That’s So Uncomfortable

Not my usual gig

I’m here in Colorado Springs, CO on long-term assignment to the US Army Space and Missile Defense Command, located on Peterson Space Force Base. I can’t tell you a whole lot of details about what I do, for security reasons. I can say that I am way out of my comfort zone. This assignment is a career-broadening assignment. It’s the first job I’ve had, not counting the summer jobs I had when I was a teen, that has not been in the medical field. Space is very much not like medicine. It is, however, challenging, interesting, and fun.
I’m also living outside my comfort zone. I’ve been in a hotel for 5 weeks, going on 6, waiting for my apartment to be ready. This is the longest I’ve ever been in a hotel. It reminds me of the time I spent living in my first studio apartment, way back when I started med school. At the same time that I’m working in space, which is futuristic, I’m residing in a hotel (an extended stay hotel), which feels very retro. These new experiences are tempting me to try writing out of my comfort zone.
I asked my fellow Missdemeanors a few questions about comfort zones. Have you done something that was outside your comfort zone? What was it? Did it have any impact on your writing? Was the experience all you expected it to be?

Emilya:

I’m intrinsically a timid and easily scared person, but I’ve done a lot of things in spite of my fears because I’m also a very curious person. I got on a motorcycle at 16, began traveling overseas on my own or with a friend at 17. Sometimes I think I spent my twenties accepting dares the universe sent me, and, amazingly, not getting hurt. Having a kid felt like jumping into an abyss. To me, the entire world feels like it’s outside my comfort zone, and every time I go to a conference, or do a reading, or… anything, I have to square my shoulders and forge ahead.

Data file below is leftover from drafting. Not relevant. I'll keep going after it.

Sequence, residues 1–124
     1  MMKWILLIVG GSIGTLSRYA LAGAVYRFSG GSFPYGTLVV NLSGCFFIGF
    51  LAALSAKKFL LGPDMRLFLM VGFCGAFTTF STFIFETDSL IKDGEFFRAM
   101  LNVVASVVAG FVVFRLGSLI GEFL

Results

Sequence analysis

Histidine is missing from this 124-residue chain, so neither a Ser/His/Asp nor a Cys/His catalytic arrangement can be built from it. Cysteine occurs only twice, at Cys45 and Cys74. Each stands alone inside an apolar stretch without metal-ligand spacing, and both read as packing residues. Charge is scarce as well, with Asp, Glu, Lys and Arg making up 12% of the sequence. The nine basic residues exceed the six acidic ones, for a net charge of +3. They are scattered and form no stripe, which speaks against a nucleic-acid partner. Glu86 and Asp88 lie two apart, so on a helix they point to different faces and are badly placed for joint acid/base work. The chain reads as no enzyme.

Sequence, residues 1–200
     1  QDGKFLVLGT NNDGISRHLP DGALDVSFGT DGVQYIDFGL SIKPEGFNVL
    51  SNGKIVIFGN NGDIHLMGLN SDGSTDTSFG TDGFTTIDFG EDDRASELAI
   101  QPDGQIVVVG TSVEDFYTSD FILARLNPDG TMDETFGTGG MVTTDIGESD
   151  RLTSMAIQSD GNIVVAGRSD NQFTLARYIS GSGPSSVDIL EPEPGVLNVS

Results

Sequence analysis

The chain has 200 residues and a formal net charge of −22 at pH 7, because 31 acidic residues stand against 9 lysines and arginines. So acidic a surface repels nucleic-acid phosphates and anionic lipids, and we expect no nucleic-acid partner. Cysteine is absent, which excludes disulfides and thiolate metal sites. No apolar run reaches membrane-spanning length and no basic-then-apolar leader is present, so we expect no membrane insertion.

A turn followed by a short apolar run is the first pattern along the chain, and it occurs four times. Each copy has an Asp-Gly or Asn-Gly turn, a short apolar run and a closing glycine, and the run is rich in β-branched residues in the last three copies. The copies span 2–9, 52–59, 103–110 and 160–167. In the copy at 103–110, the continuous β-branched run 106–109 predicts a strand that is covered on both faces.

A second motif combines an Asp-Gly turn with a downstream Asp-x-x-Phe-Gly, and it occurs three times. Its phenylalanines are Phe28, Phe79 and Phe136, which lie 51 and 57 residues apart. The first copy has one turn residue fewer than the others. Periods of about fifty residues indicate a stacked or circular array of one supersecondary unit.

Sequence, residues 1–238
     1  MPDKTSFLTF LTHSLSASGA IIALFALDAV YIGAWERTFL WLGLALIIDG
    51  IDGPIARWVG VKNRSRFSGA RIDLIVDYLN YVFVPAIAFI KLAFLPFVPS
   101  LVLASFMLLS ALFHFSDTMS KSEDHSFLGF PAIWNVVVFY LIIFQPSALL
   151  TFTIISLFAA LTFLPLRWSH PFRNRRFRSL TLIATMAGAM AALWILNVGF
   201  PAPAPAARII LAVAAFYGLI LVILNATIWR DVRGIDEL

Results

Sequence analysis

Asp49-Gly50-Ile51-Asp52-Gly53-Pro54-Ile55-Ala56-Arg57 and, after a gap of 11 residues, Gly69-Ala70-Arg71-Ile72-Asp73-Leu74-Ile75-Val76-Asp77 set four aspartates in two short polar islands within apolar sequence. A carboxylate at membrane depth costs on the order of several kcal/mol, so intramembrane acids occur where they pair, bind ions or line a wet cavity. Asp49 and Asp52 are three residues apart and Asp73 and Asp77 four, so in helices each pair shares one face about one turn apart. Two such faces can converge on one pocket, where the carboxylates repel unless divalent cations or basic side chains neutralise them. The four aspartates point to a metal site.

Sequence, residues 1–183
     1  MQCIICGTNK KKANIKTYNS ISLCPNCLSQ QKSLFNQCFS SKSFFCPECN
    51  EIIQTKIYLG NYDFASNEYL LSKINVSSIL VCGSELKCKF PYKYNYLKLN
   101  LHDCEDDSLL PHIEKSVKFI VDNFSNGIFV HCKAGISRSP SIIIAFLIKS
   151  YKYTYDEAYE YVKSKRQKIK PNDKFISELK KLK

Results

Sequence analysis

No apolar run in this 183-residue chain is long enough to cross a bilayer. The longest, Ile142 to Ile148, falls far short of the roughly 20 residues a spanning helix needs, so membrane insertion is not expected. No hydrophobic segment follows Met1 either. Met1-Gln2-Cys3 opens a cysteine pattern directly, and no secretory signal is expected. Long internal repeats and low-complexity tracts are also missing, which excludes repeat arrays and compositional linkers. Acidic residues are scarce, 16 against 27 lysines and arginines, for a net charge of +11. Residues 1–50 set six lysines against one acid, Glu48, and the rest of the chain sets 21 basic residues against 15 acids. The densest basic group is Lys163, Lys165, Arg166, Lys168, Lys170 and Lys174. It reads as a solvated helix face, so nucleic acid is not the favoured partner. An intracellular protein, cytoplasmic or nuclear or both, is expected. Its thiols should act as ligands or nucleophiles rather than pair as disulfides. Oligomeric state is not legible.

Susan:

Yes! I went to India by myself, three years ago. I was visiting a young woman I mentor in Banbasa, which is in the northern part of India, in the shadow of the Himalayas. I had never been to India before. I had never met Rosey before. The director of the orphanage was going to pick me up in Halwadi, which was an 8 hour train ride from New Delhi. So I took the train by myself from New Delhi to Halwadi, listening feverishly to every single announcement, which was in Hindi, because if I passed Halwadi I think I would have wound up in Nepal. Anyway, get off at Halwadi and there is no one there to greet me, and I knew there would not be another train for 24 hours and let us just say there did not seem to be a Sheraton nearby. Then I hear the sound of a motorcycle and this gangly man jumps off, surrounded by three young girls, all of whom fling themselves at me. I was home. It wound up being one of the best experiences of my life and had I not gone then I surely would not have been able to go now, so it did give me the feeling that it’s important to jump on opportunities when they arise.

Keenan: